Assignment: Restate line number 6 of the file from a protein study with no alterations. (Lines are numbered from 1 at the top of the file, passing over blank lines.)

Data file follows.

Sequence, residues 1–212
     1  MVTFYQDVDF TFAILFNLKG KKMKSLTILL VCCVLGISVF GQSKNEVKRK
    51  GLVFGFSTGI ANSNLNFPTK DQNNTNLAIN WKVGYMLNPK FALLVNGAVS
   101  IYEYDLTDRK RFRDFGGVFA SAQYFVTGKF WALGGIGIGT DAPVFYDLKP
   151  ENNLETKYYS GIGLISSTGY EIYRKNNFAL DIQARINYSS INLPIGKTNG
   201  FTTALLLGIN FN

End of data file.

   201  FTTALLLGIN FN